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All else being equal, people buy from people whom they like.

As a child, I was focused on results.

I remember playing tag in elementary school at recess: I was naturally fast, but not the fastest.

Jason would beat me. Always. This was not the result I was looking for.

“Just run faster, and you’ll win,” I thought.

I kept playing as hard as I could. I envisioned the results that I wanted, and I spent all my recess time running. Always.

Long_Distance_Running

I got one of the results I wanted: I got faster. I became the fastest kid on the block, easily. And when I returned to school for 5th grade, I knew it was my time.

No longer would I come in second– first was mine for the taking. It was time to show up and be a ferocious competitor.

I continued to compete after elementary school, as well, and enjoyed a series of management jobs following business school– one of which was in purchasing.

In this position, I had “sales people” calling on me all the time, and these “sales people” were always trying to be my friend first. Always.

I studied my business strategy with fervor; my knowledge of what was needed was dialed down to a science. I found the nuances of business, sales, and infrastructure to be intriguing– and competitive.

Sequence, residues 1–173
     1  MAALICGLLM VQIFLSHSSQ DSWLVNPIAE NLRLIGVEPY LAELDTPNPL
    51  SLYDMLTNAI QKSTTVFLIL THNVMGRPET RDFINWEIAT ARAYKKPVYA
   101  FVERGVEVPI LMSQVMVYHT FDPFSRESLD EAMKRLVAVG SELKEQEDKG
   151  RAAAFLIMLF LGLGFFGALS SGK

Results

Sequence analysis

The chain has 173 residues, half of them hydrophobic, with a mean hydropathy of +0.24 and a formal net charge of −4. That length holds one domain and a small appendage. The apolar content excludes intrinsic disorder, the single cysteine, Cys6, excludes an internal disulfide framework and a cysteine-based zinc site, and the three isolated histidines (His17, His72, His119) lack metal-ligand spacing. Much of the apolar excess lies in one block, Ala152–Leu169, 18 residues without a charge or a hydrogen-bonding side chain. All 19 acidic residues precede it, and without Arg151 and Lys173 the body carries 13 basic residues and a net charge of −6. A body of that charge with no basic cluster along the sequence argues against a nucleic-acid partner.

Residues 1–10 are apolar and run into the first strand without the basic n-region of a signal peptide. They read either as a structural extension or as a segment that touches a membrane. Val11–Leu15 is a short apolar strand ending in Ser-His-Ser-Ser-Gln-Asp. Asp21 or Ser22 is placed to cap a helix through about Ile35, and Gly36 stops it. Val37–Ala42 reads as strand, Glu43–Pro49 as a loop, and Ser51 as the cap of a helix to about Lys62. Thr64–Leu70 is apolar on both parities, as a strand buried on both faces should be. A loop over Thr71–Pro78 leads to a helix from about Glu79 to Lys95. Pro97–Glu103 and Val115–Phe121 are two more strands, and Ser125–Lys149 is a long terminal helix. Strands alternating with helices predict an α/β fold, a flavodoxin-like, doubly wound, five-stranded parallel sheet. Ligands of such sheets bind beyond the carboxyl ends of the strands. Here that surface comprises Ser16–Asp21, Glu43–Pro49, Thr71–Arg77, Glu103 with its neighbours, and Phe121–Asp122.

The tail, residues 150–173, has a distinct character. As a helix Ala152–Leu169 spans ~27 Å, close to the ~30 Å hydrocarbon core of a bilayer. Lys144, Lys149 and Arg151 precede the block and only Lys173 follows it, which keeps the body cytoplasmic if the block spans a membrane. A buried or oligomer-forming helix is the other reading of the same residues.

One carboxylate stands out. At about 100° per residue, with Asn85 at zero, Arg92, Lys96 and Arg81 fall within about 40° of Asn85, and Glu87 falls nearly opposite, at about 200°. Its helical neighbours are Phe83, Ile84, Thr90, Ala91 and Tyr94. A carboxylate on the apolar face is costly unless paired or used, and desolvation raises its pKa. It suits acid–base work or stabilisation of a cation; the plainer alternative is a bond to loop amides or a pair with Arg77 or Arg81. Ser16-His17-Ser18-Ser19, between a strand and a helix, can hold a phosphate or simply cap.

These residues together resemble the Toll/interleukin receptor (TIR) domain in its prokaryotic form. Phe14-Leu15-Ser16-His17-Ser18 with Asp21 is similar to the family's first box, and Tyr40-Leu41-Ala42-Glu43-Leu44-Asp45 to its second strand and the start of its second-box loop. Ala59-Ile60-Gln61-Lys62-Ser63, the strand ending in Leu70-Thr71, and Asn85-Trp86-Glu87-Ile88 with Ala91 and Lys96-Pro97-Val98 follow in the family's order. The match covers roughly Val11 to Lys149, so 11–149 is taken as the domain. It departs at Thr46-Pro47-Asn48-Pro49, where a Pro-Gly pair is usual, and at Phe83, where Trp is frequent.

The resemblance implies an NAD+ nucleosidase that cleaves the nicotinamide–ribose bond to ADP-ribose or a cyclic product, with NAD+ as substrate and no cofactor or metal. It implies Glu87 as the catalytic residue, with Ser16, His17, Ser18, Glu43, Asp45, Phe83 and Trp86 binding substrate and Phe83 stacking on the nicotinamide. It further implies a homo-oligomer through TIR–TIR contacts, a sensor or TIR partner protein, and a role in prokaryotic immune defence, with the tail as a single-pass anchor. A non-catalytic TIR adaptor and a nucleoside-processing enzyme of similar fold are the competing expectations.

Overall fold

Generally, I knew more than the “sales people” did about their own product, and stumping the sales representative with the right question was easy… But it also made me look like a jerk, and that was not my intention. I wanted to flush out the truth of each sale that I encountered, and I wanted to participate competitively. I love exploring, discovering, competing; training to go “faster.”

The result I searched for in my meetings was a salesman who actually understood their product– and the business they were selling it to– and could tell me more about it than I already knew.

The prospect of being that salesman to others sounded like a fun challenge; something new I had never done before. I left managment to become the salesman of my own dreams, and found myself once again studying the successes of others… learning as much as I could about packaging.

Soon, I knew more about the products and businesses than people who had been working in my industry for years. How easy! I was going fast!

Then, through failure, I was brought back to a playground lesson.

I learned that sales is about loyalty, rather than being faster, or smarter, or more competitive than the next person. All else being equal, people buy from others whom they like. This is part of who we are as humans. A salesman must seed the trust necessary to grow loyalty in others– and only then, can they reward the loyalty of others with great results.

You don’t inspire trust with data, evidence, logic, or having a lower cost and being the fastest. You do it by making people feel great… not by being a jerk.

So did I ever become the fastest kid on the playground?

No.

I only tied for the fastest.

Did I win 50% of the time?

No.

When Jason was “it”, people would entrap me so that he could catch-up and tag me. When I was “it” people would get in my way so I couldn’t catch him.

Then, twenty years later, it hit me: people liked Jason more.


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Ryan Fonda